10. 10
    The Dechronization of Sam Magruder: A Novel by George Gaylord Simpson (bertilak)
  11. 10
    Rivers of Time by L. Sprague de Camp (dukeallen)
  12. 32
    Doomsday Book by Connie Willis (JGolomb)
  13. 00
    The Swarm by Frank Schätzing (Anonymous user)
  14. 00
    The Anacronopete, or, The Time Ship: A Chrononautical Journey by Enrique Gaspar (Anonymous user)
  15. 00
    Galápagos by Kurt Vonnegut (DeusXMachina)
    DeusXMachina: Human evolution
  16. 33
    Stranger in a Strange Land (Uncut Edition) by Robert A. Heinlein (ladybug74)
  17. 00
    The Diamond Lens by Fitz James O'Brien (Anonymous user)
  18. 11
    Flatland: A Romance of Many Dimensions by Edwin A. Abbott (BrynDahlquis)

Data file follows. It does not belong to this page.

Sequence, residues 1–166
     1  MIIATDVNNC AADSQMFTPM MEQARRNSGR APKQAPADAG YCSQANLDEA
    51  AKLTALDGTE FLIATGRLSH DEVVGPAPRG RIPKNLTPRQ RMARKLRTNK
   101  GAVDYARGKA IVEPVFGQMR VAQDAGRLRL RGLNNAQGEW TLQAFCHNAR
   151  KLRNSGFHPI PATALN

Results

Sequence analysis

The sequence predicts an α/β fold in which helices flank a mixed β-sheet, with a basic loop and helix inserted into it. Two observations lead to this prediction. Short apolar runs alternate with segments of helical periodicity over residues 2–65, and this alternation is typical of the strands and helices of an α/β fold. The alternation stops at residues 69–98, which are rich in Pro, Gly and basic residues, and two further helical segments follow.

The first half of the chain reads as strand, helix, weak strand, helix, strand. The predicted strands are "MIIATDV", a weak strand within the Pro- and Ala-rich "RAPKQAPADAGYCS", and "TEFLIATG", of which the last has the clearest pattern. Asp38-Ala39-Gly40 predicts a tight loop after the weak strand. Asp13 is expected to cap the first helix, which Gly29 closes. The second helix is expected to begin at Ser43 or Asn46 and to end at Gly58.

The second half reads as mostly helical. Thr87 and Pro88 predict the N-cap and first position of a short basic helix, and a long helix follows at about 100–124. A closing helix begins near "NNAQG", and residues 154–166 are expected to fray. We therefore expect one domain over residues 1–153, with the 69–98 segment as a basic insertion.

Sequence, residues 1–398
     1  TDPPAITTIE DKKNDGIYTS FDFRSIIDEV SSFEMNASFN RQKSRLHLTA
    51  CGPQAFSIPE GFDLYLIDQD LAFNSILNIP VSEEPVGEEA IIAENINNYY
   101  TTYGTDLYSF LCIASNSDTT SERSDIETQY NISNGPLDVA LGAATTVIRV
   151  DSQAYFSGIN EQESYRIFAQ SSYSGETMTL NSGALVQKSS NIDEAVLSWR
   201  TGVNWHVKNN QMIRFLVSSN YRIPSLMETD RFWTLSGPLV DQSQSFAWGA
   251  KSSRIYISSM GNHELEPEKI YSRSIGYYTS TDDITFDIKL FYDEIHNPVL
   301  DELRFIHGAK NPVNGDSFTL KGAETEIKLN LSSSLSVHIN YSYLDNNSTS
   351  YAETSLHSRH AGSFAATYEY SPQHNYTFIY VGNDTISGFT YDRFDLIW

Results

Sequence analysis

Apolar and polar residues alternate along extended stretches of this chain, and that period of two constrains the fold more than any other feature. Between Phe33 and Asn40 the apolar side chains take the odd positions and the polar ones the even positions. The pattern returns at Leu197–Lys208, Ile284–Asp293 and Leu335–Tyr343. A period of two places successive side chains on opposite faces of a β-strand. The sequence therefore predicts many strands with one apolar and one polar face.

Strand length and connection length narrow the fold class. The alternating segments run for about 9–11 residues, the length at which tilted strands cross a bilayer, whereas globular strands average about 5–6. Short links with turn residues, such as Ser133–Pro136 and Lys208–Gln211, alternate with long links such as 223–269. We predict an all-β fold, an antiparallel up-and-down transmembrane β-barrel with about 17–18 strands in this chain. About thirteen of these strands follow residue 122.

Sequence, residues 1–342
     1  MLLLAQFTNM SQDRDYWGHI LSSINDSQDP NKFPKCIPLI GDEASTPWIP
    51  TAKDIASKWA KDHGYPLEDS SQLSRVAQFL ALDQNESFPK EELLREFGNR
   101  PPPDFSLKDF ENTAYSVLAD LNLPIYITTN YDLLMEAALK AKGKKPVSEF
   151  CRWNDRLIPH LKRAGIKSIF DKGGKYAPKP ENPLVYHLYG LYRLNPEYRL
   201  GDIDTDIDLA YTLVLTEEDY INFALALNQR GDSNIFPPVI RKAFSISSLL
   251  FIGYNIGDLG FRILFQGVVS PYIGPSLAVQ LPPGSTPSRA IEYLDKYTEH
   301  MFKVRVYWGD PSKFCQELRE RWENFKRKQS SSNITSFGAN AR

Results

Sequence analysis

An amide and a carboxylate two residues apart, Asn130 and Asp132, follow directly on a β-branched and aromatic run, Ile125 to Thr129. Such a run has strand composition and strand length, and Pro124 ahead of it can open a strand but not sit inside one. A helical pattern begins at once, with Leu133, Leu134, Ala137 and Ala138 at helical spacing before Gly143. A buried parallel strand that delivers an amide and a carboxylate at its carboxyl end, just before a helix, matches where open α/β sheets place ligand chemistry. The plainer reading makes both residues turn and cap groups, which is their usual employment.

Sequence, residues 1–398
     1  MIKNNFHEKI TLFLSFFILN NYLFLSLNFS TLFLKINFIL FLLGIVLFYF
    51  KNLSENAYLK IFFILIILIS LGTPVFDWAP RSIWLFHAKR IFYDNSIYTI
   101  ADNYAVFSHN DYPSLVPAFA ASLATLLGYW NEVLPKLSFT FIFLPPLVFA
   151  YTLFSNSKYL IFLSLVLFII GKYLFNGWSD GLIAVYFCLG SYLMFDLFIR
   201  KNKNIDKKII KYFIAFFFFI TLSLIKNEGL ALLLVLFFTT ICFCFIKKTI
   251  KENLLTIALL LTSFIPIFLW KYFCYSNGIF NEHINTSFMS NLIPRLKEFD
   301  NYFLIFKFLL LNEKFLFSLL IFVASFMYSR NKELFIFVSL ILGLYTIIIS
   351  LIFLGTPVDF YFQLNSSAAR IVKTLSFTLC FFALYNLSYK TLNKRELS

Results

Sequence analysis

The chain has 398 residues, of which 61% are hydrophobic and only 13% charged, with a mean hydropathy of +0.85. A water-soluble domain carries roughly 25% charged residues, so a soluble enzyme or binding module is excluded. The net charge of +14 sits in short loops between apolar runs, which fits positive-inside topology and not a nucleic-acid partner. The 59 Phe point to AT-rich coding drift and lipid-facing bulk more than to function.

19. 00
    The Wine of Violence by James Morrow (themulhern)
    themulhern: The two books have great similarities and remarkable differences.
1890s (4)
. (5)
Loading...

Sign up for LibraryThing to find out whether you'll like this book.

No current Talk conversations about this book.

» See also 774 mentions

English (290)  Spanish (4)  Dutch (2)  French (1)  Hebrew (1)  German (1)  Norwegian (1)  Italian (1)  Portuguese (1)  All languages (302)
Showing 1-5 of 290 (next | show all)
A classic book that is still very relevant in todays world. This is a book of a time traveller who travels to the very distant future, and sees what humans evolve into. The result is a comparison to todays society and the differences between the classes to the extreme level. This is a short read, but definitely a recommended book. Mr Wells does a great job in making this book brief on the cultures and technology of the late 1800s so that it can still be read today without difficulty in relating to the main characters story. ( )
  sjh4255 | May 4, 2021 |